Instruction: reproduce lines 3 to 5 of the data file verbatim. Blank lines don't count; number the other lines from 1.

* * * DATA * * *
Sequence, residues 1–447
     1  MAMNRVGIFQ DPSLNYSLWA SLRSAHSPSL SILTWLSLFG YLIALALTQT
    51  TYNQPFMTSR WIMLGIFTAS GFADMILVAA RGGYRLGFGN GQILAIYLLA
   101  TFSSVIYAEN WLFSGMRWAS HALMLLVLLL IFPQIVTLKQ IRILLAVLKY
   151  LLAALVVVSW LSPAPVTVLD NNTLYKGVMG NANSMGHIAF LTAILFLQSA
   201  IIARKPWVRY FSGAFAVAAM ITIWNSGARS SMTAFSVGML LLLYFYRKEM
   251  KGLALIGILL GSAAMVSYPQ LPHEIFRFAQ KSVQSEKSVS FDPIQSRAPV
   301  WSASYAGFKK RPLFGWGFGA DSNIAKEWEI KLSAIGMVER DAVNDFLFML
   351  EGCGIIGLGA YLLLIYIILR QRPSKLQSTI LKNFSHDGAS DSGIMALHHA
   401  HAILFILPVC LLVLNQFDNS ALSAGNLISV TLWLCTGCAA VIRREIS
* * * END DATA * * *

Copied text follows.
    51  TYNQPFMTSR WIMLGIFTAS GFADMILVAA RGGYRLGFGN GQILAIYLLA
   101  TFSSVIYAEN WLFSGMRWAS HALMLLVLLL IFPQIVTLKQ IRILLAVLKY
   151  LLAALVVVSW LSPAPVTVLD NNTLYKGVMG NANSMGHIAF LTAILFLQSA